Basic advice for picking a lens for your DSLR

Basic advice for picking a lens for your DSLR

There is a lot of argument about lenses when it comes to DSLRs. Chris Nicholls shares his advice for picking the perfect lens for your camera

There is a lot of argument about lenses when it comes to DSLRs. Should you buy a kit, or should you buy a non-kit lens? If a kit lens, which one/s? Are they any good? And if you buy a non-kit lens, which ones should you buy? Are they any better than a kit?

There’s a lot of misinformation about, so let’s cut through the bull.

First, the kit lens questions:

Should you buy a kit lens?

Yes. A kit lens is never bad enough quality to ruin your photography. You may not get true wide angle lenses, or big telephotos, or usable macro, but the glass itself is perfectly decent for everyday use. I have sold images shot with kits before, and if they sell, I argue they have to be good enough.

Plus, camera manufacturers are not stupid enough to put a useless lens in front of their bodies. It would mean fewer sales.

The decision depends on your financial situation. If you can’t afford a non-kit lens, then go for a kit. Simple as that. 

Which ones?

It depends on the manufacturer. I don’t have room to go through every manufacturer’s lenses, but of the two majors, I recommend Nikon’s 18-105mm and Canon’s 15-85mm. Both are more expensive than the other options (the 15-85mm especially is almost too expensive), but both are worth it.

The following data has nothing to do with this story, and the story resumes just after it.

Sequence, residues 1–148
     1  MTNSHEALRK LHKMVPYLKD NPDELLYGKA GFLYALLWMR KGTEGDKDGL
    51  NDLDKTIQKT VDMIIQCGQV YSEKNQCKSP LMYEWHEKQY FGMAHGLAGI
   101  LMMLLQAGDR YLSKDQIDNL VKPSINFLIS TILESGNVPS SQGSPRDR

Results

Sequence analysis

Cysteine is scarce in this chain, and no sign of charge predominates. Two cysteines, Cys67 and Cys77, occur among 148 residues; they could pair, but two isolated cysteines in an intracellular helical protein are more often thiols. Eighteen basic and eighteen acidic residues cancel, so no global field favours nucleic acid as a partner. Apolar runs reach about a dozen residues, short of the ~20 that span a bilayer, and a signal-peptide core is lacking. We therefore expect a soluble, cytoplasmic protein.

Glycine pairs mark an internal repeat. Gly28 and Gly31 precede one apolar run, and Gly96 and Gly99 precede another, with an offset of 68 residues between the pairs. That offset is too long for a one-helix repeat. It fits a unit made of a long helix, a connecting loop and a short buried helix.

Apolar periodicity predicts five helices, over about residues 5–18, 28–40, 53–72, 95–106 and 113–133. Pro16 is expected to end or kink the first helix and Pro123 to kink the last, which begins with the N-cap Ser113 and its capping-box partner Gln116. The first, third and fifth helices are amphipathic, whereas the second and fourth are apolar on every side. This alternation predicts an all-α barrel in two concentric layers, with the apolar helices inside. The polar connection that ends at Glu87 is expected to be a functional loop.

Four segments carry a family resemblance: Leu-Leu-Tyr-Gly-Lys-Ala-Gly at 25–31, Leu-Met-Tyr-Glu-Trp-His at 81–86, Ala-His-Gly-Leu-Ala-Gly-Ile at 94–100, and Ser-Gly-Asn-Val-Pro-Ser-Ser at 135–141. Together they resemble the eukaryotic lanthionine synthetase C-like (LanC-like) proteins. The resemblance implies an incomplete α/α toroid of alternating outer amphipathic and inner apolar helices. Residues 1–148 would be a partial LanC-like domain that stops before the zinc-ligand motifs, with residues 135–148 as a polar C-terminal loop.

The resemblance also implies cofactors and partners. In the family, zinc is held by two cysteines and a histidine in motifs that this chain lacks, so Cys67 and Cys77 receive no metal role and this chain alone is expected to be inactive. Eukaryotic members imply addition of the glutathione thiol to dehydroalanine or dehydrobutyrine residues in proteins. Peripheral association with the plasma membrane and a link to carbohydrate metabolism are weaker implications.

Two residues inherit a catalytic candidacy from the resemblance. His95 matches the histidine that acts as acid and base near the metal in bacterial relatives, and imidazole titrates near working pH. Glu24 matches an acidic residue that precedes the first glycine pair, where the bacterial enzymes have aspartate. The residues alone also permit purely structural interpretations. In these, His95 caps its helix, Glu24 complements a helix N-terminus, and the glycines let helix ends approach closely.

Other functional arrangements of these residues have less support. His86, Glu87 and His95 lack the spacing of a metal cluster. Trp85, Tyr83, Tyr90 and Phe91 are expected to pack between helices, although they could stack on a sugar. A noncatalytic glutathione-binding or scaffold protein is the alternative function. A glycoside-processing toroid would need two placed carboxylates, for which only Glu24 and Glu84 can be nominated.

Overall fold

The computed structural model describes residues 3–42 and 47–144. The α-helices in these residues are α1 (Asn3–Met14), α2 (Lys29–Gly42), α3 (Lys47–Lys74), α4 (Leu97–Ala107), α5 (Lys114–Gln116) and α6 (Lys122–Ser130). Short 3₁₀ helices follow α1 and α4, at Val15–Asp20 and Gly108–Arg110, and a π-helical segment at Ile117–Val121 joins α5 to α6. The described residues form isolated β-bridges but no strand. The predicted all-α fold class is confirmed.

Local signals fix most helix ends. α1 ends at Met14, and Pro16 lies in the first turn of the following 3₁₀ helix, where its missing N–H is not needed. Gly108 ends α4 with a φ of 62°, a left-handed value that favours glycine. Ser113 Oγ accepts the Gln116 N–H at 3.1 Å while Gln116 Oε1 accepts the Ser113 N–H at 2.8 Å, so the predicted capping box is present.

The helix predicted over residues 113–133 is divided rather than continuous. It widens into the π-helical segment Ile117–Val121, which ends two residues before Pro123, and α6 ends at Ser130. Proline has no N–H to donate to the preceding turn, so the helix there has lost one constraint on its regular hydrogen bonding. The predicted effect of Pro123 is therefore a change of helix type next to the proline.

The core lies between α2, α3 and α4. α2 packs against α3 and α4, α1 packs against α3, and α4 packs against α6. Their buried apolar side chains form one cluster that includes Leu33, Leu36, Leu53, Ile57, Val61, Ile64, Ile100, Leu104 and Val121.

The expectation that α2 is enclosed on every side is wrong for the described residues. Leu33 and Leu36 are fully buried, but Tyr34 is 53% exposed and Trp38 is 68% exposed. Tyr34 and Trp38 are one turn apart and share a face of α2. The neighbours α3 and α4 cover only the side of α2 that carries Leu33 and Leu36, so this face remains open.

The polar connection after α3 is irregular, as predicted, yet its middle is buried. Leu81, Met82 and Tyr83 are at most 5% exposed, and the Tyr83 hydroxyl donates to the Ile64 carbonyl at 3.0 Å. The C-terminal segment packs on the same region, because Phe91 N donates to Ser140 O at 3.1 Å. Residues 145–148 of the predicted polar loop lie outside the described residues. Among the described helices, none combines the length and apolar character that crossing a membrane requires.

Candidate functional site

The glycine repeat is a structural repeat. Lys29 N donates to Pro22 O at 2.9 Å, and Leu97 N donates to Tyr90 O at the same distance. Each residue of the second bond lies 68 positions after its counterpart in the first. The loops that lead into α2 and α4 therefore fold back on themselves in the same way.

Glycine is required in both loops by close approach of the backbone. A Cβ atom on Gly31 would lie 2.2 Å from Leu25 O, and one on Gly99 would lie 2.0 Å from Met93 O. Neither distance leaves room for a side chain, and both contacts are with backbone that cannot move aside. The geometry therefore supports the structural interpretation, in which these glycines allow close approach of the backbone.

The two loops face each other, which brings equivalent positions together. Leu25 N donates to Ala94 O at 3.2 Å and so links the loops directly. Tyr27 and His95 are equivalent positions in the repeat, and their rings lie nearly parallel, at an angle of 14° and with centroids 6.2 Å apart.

As for non-kit lenses:

Are more expensive lenses better than kit lenses?

Yes, but not always. For example, the Canon 17-55mm f/2.8 is actually worse in edge sharpness than the kit 15-85mm I was talking about.

That said, most of the time, the colour, contrast, sharpness and build quality will always be better. Get one if you can afford it.

Which lens should you buy?

This again is a personal decision. If you only intend to shoot one type of photography, then choose a lens to match. If not, buy a range.

As for specific lenses, I will outline the best ones for most people according to type and budget. I can’t cover every category, but here are the majors:

For expensive telezooms, my recommendation is to stick with the manufacturer’s lenses for the most part and go with Canon, Nikon or Sony’s 70-200mm f/2.8 glass. All are excellent, although Sony’s has lens flare issues. If not, buy Sigma’s brilliant value equivalent. It’s just been updated with image stabilisation and solves many of the earlier version’s problems.

For travel super-zooms, while I am not personally a fan of this category, get Sigma’s 18-250mm. It’s easily the best in its class.

For macro lenses, unless you have a full-frame sensor, Tamron’s 90mm f/2.8 macro is a good choice at any price. If you have a full-frame, then you are limited mostly to your manufacturer’s glass, but if you’re made of money, get the Zeiss Makro-Planar f/2 100mm.

For budget wide angle zooms (primes don’t exist at budget levels), get Tokina’s excellent 11-16mm f/2.8. At higher prices, get manufacturer glass.

As for wide angle primes, Voigtlander’s 20mm f/3.5 is brilliant value, while manufacturer’s lenses are also all excellent. If you have the money, again, Zeiss is the go, with its 21mm f/2.8 Distagon a legendary lens, and for good reason.

Finally, if you need a budget standard lens, stick with manufacturer glass, as most are excellent.

If you’re choosing a range, buy a macro, a wide angle zoom and a telephoto zoom. This will cover you for any situation.

I hope that helped. If not, let me know in the comments section below. If you've got any recommendations for reader, share them below.

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See more about:  camerablog  |  cameras  |  lens  |  nikon  |  canon  |  macro  |  telephoto
 
 

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